Or if you want I can send both Kanji and Roomaji lyrics....

Yoroshiku onegaishmasu...


I wish I could, but I haven't learned enough to translate late songs as of right now. There's a lot of word manipulation that we haven't covered yet, grammar, sentencings, so sorry...I probably would be able to do a few lines here and there, and then guess from what the context may be, but that's pretty much it.

"HIRO wa jibun dakara" in the last line of the chorus means "because I am my own hero" or something like that.
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Posted 2/6/09

Sangahyando wrote:

That answers my question, exactly what I was looking for! What I was unsure about was if the three forms of writing were mixed in sentence structure to make sentences, which I now know! This of course makes it more difficult to learn the language proficiently without learning all three forms, Katakana, Hiragana, and Kanji, but I guess that means I better start soon. Currently I'm dipping my feet into the pool of Hiragana characters and am giving a speech on the Japanese language/writing system and how it is of importance to the U.S. with its close relations to this country. The more informed I can be on this topic the better speech I can give next week.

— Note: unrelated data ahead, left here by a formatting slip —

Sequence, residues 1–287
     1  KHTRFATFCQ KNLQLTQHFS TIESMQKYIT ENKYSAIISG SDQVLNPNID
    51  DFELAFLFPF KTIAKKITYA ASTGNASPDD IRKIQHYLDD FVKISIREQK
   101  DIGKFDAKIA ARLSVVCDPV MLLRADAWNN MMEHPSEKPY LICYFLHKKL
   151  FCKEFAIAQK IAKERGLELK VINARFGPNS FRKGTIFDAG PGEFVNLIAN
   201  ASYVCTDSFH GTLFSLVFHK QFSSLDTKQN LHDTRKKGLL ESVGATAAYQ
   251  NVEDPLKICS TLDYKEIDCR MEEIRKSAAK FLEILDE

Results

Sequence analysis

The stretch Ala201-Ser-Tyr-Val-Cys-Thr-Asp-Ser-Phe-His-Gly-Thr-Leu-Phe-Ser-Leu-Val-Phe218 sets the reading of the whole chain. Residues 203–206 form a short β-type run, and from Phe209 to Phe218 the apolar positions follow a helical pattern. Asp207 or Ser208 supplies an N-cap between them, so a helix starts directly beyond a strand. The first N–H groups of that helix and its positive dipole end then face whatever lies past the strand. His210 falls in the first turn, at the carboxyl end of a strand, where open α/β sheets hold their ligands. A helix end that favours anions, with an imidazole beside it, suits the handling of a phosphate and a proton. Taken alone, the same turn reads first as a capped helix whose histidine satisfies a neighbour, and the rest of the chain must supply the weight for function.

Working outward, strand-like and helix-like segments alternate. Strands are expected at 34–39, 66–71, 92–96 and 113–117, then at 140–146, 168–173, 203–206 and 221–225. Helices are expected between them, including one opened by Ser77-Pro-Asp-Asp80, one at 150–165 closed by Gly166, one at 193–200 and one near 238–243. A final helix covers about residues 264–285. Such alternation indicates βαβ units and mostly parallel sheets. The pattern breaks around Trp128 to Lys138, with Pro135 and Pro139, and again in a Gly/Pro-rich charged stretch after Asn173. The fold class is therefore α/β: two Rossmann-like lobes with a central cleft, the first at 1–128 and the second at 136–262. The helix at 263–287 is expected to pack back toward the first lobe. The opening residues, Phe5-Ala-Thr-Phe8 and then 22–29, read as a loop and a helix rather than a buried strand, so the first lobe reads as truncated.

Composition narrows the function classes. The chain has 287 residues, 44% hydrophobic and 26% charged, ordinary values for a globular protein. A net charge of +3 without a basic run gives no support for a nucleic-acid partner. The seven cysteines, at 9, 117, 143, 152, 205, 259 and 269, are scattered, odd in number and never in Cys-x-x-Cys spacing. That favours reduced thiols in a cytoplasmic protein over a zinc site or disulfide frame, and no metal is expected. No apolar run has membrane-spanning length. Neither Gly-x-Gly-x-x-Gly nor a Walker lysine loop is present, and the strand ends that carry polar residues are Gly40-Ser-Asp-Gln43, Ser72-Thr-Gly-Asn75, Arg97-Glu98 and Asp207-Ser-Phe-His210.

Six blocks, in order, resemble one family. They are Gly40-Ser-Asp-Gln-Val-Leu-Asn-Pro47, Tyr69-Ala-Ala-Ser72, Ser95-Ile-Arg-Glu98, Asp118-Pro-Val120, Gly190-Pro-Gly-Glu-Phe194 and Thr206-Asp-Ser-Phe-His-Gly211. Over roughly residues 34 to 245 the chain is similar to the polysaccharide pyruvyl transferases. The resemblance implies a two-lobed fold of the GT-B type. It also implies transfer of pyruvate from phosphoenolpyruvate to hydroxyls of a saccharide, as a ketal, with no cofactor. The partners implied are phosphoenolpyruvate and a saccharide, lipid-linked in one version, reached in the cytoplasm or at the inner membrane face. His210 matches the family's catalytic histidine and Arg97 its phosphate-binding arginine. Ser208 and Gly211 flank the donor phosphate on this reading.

Btw, what do you do that it would make life easier being proficient in Nihongo?


You could learn conversations which has no involvement with writing...but anything besides audio tapes are rather hard for that sort of learning, haha.

Ah, so this is apart of a project that you have to do...it's certainly a big one too. Good luck with it, hopefully you'll find everything you need, and that you will do well =)